A group of African government representatives issued a statement Friday saying a new consumer campaign against conflict diamonds organized by
Amnesty International and other human rights groups (see related story) is
"counter productive and potentially damaging to the African countries that
depend on legitimate diamond exports." The group also says, "the material being circulated
threatens to undermine confidence in diamonds generally rather than focusing
on the specific problem before us."
The African group which includes representatives of South Africa, Namibia
and Botswana says it was unhelpful for the human rights groups to
regard the conflict diamonds legislative proposal announced by Rep. Tony
Hall (D-OH) as a "silver bullet" that would resolve the problem
(see related story). "In fact, the conflict diamonds problem is complex.
Legislation by the U.S. must be carefully crafted and the views of
the non-U.S. parties considered," the group says in the statement. "In attempting to compel support
for a single legislative proposal, these groups are creating needless
confrontation. Cooperation among all interested parties would be much more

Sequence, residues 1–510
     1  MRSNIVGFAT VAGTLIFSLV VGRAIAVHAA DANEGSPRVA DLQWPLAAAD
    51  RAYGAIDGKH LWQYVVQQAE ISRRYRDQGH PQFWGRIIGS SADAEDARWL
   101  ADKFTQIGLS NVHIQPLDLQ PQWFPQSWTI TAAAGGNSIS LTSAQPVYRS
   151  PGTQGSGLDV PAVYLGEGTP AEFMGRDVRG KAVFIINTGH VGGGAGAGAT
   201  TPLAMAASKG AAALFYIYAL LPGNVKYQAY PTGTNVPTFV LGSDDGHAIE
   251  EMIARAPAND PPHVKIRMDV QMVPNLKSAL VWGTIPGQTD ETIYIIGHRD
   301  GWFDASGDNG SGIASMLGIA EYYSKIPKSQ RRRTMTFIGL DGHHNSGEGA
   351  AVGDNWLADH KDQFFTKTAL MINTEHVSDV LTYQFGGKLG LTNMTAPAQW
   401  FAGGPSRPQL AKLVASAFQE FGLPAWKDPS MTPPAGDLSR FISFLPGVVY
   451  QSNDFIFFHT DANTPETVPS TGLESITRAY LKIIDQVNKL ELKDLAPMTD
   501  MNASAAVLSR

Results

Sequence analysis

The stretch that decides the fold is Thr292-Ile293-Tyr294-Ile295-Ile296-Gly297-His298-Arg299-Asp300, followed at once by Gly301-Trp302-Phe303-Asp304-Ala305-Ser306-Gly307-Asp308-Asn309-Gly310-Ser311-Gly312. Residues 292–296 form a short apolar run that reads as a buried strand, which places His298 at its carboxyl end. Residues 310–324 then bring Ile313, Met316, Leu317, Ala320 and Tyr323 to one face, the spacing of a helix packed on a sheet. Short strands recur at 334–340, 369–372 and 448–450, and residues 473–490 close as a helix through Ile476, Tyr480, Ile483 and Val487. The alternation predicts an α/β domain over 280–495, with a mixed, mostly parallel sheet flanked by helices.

The African group met with other nations that produce, process and
import diamonds, as well as the World Diamond Council, which represents the
diamond and jewelry industry worldwide. The meeting, one of an ongoing
series of meetings known as The Kimberley Process, was held in Windhoek,
Namibia. Officials from 26 governments established a joint task force with WDC to complete technical work on an international certification system
for rough diamonds.
The Kimberley Process will continue at another meeting in Belgium in April, where the group will examine existing national import and export
controls on rough diamonds. After the Windhoek meeting, WDC chairman Eli Izhakoff said, "What has been accomplished here ... is very
promising. We must also be aware that, even when a certification system is
established, our work will not be done. Lasting success depends on sound
implementation and continued scrutiny. The industry is committed to this
effort over the long run."
- by Peggy Jo Donahue